By DOUG GRAVES
WILMINGTON, Ohio — When Dale Spencer was growing up on his family’s 1,400-acre farm and his father’s International tractor broke down, fixing it was easy.
“We simply bought a new or used part, replaced the broken piece and that was it,” said Spencer, now 48.
But today, repairs are more complicated. A component in the guidance system on Spencer’s sophisticated John Deere tractor broke. Since the Moline, Ill.-based company no longer supports his vehicle’s system, he is staring at a $2,500 bill for a used electrical part.
Manufacturers won’t provide independent shops with the guides or technology that would allow them to fix it, and Deere won’t repair older parts if it no longer supports them.
Once capable of fixing their tractors and other machinery in their own barn, many of the nation’s 3.2 million farmers are now faced with tractors that can only be fixed by a manufacturer, a situation that benefits manufacturers’ bottom lines and temporarily hampers the progress of farming.
Spencer and other farmers are rebelling and pushing for “right-to-repair” legislation, which would require manufacturers to provide the same information and parts to farmers or independent repair shops as they do the manufacturers’ own repair shops.
This year, right-to-repair bills have been introduced in 11 state legislatures, including Illinois and Iowa. Supporters of the bill are at a monetary disadvantage, though, and policy victories frequently are won by the side that spends the most. According to a MapLight (a nonpartisan, nonprofit group that examines the influence of money in politics) analysis of state lobbying, proponents of right-to-repair legislation have been outspent by a 28-to-1 margin.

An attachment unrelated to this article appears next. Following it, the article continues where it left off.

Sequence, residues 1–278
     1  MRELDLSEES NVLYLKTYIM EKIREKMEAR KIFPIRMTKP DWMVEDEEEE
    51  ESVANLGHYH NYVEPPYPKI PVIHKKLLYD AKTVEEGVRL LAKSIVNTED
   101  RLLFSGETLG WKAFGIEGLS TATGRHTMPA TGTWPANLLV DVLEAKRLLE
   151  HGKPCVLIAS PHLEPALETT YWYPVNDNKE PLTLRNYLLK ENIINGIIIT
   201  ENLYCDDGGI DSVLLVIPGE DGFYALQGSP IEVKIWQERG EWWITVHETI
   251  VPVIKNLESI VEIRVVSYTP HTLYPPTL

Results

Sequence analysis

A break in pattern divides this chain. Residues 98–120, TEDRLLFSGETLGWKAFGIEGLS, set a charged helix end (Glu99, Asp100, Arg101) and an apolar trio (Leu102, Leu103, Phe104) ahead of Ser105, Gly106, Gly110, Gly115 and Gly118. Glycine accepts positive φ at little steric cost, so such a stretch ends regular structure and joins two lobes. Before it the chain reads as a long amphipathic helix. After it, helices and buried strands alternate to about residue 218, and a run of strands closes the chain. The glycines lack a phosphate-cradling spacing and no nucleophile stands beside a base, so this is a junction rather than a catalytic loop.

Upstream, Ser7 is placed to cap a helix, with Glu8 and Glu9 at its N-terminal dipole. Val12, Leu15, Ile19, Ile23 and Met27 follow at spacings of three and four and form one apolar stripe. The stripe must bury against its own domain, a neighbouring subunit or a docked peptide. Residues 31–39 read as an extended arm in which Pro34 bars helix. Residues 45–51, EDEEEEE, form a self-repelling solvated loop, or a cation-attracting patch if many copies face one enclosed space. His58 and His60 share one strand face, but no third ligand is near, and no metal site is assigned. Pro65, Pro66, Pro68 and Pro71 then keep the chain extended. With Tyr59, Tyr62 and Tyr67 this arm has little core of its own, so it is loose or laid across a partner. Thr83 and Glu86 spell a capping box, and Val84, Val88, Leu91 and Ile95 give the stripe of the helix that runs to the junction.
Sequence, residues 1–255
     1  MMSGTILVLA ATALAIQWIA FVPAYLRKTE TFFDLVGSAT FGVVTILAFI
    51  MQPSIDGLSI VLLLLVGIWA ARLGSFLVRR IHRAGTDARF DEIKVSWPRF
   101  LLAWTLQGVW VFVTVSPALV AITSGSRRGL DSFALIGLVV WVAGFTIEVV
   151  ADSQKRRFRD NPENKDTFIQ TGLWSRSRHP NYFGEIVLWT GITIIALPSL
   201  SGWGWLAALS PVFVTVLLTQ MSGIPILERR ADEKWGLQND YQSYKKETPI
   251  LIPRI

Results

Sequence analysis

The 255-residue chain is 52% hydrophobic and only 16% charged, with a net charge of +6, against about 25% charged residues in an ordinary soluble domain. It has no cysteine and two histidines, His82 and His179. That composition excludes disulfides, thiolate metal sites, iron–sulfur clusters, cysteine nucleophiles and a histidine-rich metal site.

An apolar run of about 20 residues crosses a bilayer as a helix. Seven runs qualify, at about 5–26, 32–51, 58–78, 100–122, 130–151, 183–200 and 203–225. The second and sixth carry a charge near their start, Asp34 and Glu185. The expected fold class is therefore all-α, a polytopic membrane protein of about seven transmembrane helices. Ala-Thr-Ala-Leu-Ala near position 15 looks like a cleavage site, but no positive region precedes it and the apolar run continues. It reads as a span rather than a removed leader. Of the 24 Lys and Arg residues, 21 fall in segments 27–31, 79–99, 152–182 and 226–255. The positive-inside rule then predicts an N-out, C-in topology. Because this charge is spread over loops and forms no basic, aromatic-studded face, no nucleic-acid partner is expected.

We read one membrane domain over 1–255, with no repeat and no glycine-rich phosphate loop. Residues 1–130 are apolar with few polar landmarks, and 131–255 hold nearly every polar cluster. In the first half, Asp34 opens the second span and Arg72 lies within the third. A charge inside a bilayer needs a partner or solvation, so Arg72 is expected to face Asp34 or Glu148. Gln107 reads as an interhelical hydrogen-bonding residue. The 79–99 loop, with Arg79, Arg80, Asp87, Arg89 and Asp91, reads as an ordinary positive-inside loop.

“We never doubted that it was going to be difficult,” said Gay Gordon-Byrne, executive director of The Repair Assoc., a New Jersey-based coalition that works to promote right-to-repair legislation.
On the other side, equipment makers (including Deere), which control as much as 60 percent of the tractor market in the United States and Canada, are opposed to the legislation. In a letter laying out its position, Deere argued that current regulations are necessary to maintain product safety and compliance with emissions standards.
Allowing untrained individuals to modify equipment software can endanger operators, bystanders, dealers, mechanics, customers and others,” said Ken Golden, a Deere spokesman.
He added that customers, dealers and manufacturers “should work together on the issue, rather than invite government regulation that could add costs with no associated value.”
Golden confirmed Deere has lobbied on right-to-repair legislation, but declined to say in which states or how much the company spent. However, records show Deere has retained lobbyists in New York, and reported spending $42,000 while lobbying on a 2015 right-to-repair bill in Massachusetts without reporting a position on the bill.
Deere and other equipment dealers have strong incentives to fight right-torepair legislation. If farmers are forced to visit authorized dealers, it provides increased business for the manufacturers, and allows them to set the prices for parts. Additionally, having only authorized shops able to repair machines means farmers are more likely to buy equipment from manufacturers with authorized shops nearby – which, in most areas, are the bigger companies.
Right-to-repair legislation has attracted more than just tractor manufacturers’ attention, though. If a right-to-repair bill were to pass, it could also affect people ranging from heavy equipment operators to mobile phone users.
Caterpillar, the world’s largest manufacturer of construction and miningequipment, has spent $38,700 while lobbying on right-to-repair legislation in New York. And corporate heavyweights including Apple, Verizon and the Computing Technology Industry Assoc. (CompTIA) oppose the legislation. “The way forward is a state is going topass right-to-repair legislation or we’re going to do a ballot initiative, but when that occurs, we don’t really know yet,” Gordon-Byrne said.
Meanwhile, Spencer is saving his money so he can afford a new guidance component for his high-tech tractor.
“I bought the tractor and I should be allowed to get the parts myself and fix it,” he said. “I’m going to have to buy another receiver for the tractor. Right now I have no option and I have to go to John Deere for everything.”